Dancemakers must wear many hats. Choreographer, performer, producer, director, marketer, floor builder (tap dancers know what I’m talking about!) Add filmmaker to the list.
See Chicago Dance doesn’t just help Chicagoans see dance, but helps dancers be seen. Now in its third year, the SCD Dance for Camera (D4C) program returns with the goal of providing the basic tools of filmmaking for aspiring dancers to learn the ins and outs of producing dance on film.
Applications for SCD’s 2024 Dance for Camera Mentorship and Workshop Series are open now, and the application deadline has been extended to Monday, February 12. Participants are limited to twenty persons. They will have the opportunity to have an initial consultation with the Project Manager, 10+ video modules (approx. 1.5 hours of engagement each), a “bank” of five one-on-one mentoring hours with professionals, peer support/mentoring with other participants developing their own projects and four 4-hour, in-person, hands-on/interactive “dance for camera” workshops on various themes.
The structure of the 2024 D4C Workshop Series allows participants to “choose your own adventure.” The program is available to Chicago-based dance artists at any stage of their career and allows them to move at their own pace.
What is unprecedented about this program is that some of the materials, designed by Media Specialist Frank Konrath, will be available on SeeChicagoDance.com for free to anyone who seeks to fill in gaps in their filmmaking knowledge.
“Filmmakers will be able to go to SeeChicagoDance.com and download a PDF on any specific thing that they’re not sure how to do,” says Konrath. “For example, if you’re on a shoot and forget how to control motion blur, you’ll be able to look up shutter speed and get a one-page description of what shutter speed is, what you should be looking for, how does it work, and what adjustments you need to make.”
The whole manual is about thirty pages long and provides troubleshooting for all stages of filmmaking, from creative development and preproduction to production and post-production. Budgeting, shot lists, internal camera functions, types of lenses, equipment, distribution, crowdfunding… It has it all! The digital PDF manual will also feature various templates for call sheets, budgets and contracts, and a collection of 5-minute how-to videos. These will be taught by Enki Andrews, Fine Art Photographer, Interactive Multimedia Specialist and Dance Videographer, along with Surinder Martignetti, Production Manager and Live Dance Director/Producer.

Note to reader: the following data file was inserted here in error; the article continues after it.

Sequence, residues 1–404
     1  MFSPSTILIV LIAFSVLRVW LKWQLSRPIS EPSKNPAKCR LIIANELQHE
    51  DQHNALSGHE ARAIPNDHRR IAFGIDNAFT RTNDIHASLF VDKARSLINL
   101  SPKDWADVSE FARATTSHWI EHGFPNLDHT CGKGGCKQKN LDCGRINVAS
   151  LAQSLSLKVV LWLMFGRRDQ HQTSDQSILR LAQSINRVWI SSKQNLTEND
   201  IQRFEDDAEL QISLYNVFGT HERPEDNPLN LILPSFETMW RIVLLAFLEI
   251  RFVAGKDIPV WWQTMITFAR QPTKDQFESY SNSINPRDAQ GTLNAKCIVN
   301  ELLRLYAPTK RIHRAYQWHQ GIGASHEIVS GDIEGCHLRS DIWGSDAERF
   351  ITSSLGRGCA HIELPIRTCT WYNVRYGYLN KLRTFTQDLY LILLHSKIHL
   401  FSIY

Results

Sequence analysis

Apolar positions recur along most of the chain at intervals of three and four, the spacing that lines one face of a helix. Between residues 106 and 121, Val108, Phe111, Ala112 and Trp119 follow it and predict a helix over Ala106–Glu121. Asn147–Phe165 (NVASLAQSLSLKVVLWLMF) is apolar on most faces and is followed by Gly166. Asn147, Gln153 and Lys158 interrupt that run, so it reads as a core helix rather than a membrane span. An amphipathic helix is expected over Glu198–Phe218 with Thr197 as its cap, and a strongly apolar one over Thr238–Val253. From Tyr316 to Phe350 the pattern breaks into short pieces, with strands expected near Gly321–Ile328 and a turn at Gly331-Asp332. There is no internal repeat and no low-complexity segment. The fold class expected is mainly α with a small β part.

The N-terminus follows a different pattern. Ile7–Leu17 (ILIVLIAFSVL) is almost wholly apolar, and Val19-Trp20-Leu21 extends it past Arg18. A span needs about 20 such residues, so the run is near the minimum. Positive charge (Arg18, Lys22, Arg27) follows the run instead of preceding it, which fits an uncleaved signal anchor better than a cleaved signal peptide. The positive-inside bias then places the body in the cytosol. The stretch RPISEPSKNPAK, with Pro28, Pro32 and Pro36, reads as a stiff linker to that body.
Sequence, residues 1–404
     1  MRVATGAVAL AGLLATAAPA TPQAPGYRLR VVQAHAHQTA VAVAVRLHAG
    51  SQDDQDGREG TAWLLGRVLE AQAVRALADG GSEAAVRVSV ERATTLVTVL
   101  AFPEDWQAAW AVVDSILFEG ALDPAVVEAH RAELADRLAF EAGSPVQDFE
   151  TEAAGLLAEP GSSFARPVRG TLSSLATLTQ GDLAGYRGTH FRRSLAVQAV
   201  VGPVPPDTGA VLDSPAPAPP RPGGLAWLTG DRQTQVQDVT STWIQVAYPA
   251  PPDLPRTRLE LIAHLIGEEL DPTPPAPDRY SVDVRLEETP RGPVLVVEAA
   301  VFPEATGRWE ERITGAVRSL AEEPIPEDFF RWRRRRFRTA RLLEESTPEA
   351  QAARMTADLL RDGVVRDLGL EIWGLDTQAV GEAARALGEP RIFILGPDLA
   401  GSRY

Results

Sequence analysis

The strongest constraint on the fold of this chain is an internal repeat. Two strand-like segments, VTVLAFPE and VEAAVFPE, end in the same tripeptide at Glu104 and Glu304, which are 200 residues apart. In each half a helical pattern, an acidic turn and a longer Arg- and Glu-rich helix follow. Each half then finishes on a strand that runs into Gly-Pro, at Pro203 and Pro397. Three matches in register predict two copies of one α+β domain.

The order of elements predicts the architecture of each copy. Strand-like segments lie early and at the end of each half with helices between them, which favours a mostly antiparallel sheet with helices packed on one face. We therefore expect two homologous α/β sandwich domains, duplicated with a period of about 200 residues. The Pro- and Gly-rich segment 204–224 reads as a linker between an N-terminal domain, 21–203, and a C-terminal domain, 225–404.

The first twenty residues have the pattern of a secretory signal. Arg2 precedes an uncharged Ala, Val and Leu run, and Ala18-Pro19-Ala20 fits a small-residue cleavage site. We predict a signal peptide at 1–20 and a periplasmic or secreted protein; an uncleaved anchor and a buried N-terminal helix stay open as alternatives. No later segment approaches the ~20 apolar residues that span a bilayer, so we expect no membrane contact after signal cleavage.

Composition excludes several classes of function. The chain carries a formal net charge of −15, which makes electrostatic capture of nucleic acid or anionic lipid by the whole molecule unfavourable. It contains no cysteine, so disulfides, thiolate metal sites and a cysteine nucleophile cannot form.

In 2019, Martignetti and Andrews spent time catching up and talking about what the dance community needed in that moment. “We came to the conclusion that dancers, reliant on social media and video, didn’t really have the skills,” says Martignetti. “With more people online doing dance on film, it became apparent that it’s a skill that people need help with and that we can teach.”
With a generous grant from the Walder Foundation, the first D4C Workshop Series convened in 2021 via online and in-person weekly workshops primarily taught by Andrews, which culminated in a group live shoot.
SCD launched the second iteration of the D4C Production Residency in 2022. This time the selection process was more rigid, seeking specifically two groups of ten artists each, who were in that sweet spot of having some experience but needing to know more.
Dancer and Composer, Cat Mahari, credits Dance for Camera with not only giving her the resources necessary to complete her film, “Blk Ark: The Impossible Manifestation,” but also the most valuable resource: mentorship. “It was wonderful having a significant film producer in Surinder,” says Mahari. “We had weekly check-ins, hour-long conversations about what I was up to in life as well as my production. She gave me sound advice and provided a depth of knowledge when it comes to film production.” “Blk Ark” has since been shown at festivals and events across the country.
Another participant who went on to continue their work in film is Dancer and Choreographer Amanda Ramirez. “The SCD D4C fellowship helped me expand what I do,” says Ramirez, who is now in postproduction on the film, “Tierra,” which she developed during D4C. Ramirez, who works on commission for various film projects, says “SCD provided an illuminating experience. It allowed me to grow in a career using pathways that work for me.”
Konrath considers the 2022 D4C Production Residency to be a big success. “I said to Surinder, ‘If we can get one dancer, after going through the cohorts, to declare themselves a dance filmmaker we would have a successful D4C 2022.’ Now, we have at least five still actively making dance-for-camera films.”
In 2023, SCD received a grant from the National Endowment for the Arts to continue its dance-for-film programming, and D4C is back in 2024! Like its previous iterations, the program has evolved with the times and the community’s needs. Now that people are back at work, the program is retooled to coincide with dancers’ busy schedules and provides free materials for the benefit of all who need them.
What exciting new works of dance will make it from D4C onto film? Stay tuned to find out!
See Chicago Dance’s 2024 Dance for Camera Workshop Series runs from March to August. Applications are now open and close on February 12. For more information, go to seechicagodance.com or click the event link below.